Now, what worries India and the United States the most is that with the Maldives struggling with its infant democracy, there is every chance of the political chaos being used by jihadi extremists to use the island nation as a springboard for terrorism. Indian intelligence was alerted recently from Western sources that the internationally banned terror group Lashkar-e-Taiba (LeT), which is based in Pakistan, had been trying to set up base in isolated islands of the Maldives. The group may well use the Maldives, which has largely a Sunni Muslim population, to launch attacks throughout South Asia.

One instance when Islamic militancy raised its head was on September 29, 2007 when the Sultan Park bombing in Malé took place; the first ever Islamist terror strike in the Maldives. Though Islamic militancy isn’t entirely new to the Maldives — this started in the early 1980s under President Maumoon Abdul Gayoom — what is new is the clash between Salafi Sunni traditions versus the Shāfi’ī Sunni traditions. The latter is a culmination of the indigenous Maldivian culture whereas the former was imported through the return of students from the Arab world and Pakistan. Many of the “hardcored” Islamic motivated students are located in the southern atolls of the Maldives. They call themselves Super Salafis.

Small scale insurgency attacks started in the Maldives after it was believed that President Gayoom, who came to power in 1978 by citing his Islamic credentials polished at the Al-Azhar University in Cairo, Egypt, ditched his Islamic agenda. Now with the more Western liberal Oxford educated President Nasheed in power, the fissures between the Salafis and the ruling establishment has only increased. It’s particularly evident in the southern atolls. Precisely for this reason, the Maldives’ government is engaging with India to set up underground radars on all of its 26 atolls.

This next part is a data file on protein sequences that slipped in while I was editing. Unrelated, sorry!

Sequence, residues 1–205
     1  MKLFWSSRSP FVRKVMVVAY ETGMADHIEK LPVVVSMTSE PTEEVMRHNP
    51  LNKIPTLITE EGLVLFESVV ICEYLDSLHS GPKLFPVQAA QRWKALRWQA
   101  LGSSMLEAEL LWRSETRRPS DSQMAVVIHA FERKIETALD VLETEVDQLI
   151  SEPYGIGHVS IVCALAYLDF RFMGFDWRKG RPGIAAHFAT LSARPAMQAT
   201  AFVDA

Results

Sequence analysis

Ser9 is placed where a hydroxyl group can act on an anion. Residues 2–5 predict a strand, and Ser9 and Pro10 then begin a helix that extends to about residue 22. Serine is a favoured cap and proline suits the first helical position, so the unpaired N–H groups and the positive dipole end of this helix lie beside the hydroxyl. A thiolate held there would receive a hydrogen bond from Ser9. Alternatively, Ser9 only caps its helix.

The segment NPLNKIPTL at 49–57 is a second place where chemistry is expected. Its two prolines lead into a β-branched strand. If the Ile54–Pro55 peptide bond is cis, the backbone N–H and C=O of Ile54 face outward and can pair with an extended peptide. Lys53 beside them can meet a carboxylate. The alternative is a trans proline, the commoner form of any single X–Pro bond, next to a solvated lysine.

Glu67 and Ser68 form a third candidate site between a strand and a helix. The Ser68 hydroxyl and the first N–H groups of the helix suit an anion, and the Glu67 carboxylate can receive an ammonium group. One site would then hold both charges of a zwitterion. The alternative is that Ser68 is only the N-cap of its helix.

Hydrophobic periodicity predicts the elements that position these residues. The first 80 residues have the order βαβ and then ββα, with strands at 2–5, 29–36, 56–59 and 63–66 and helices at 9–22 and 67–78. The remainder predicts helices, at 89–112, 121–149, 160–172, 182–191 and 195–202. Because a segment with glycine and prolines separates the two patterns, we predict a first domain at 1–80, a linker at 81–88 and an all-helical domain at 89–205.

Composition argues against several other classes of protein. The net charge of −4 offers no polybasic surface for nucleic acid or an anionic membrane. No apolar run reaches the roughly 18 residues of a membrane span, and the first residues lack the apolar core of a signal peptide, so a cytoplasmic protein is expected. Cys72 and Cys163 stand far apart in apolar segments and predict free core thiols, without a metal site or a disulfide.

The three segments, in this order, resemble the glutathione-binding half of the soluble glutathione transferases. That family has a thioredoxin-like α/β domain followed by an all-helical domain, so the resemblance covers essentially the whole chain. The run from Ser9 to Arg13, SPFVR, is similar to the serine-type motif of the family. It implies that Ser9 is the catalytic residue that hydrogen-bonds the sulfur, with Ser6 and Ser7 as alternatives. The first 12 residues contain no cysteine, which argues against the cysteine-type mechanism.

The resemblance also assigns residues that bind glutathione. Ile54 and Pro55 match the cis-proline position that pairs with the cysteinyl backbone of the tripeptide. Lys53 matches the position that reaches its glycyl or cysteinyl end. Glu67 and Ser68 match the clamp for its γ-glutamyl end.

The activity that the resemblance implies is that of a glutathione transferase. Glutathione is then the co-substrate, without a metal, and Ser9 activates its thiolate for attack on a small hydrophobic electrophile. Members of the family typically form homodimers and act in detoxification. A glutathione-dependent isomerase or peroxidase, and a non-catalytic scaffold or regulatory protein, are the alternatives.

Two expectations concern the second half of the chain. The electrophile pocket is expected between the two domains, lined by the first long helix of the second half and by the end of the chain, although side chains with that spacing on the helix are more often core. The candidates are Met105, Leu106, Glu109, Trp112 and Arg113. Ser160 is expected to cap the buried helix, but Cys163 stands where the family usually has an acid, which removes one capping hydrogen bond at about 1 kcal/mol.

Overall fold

There are reports which also suggest that there’s an increase in the number of tourists from Pakistan to the Maldives. Annually, the islands hosts about 700,000 tourists, most of them from Europe and the United States which is part of the reason why Western governments are so concerned that jihadists might imitate the 2002 bombing that occurred in Bali, Indonesia.

Politically in the Maldives the government and opposition started a dialogue to ease tension on the advice of US Assistant Secretary of State for South and Central Asian Affairs, Robert Blake Jr. Blake traveled to Malé to mediate between the opposition and president while Sri Lankan President Mahinda Rajapakse visited the capital on July 7 on invitation from his Maldivian counterpart to help him out of the matrix that is the current political predicament. It’s to be noted that Rajapakse has political capital in the Maldives for successfully annihilating the Liberation Tigers of Tamil Eelam last year.

As the great American poet Mark Twain observed, “History doesn’t repeat itself, but it does rhyme.” In the case of the Maldives that sounds perfectly apt as the islands descend into a political chaos much like it did twenty years ago. At the time, in November 1988, Abdullah Luthufi and some eighty armed mercenaries of the Sri Lankan People’s Liberation Organization of Tamil Eelam (PLOTE) attempted to overthrow the Maldivian government but failed when Indian forces intervened with some 1,600 troops send by air to restore order. This act helped seal Indo-Maldives relations and it was a classic example of the application of India’s Monroe Doctrine.

The present situation has not gone unnoticed in the capitals of today’s Asian giants. India considers the Maldives within the ambit of its Monroe Doctrine. In August 2009 a defense pact was signed between India and the Maldives. The last thing New Delhi wants is to have the islands succumb to internal power struggle with Islamic militancy on the rise around the Indian Ocean. China has active trade relations with the Maldives and it’s watching the ongoing political fiasco in Malé with great interest.

The seeds of the present discord in the Maldives go back to the 2009 parliamentary election when the Dhivehi Rayyithunge Party (DRP) led by Maumoon Abdul Gayoom managed to get only a simple majority in parliament with the help of the People’s Alliance (PA) and some independents. President Nasheed’s Maldivian Democratic Party (MDP) has 28 representatives and the support of four independents in the 77 seat parliament.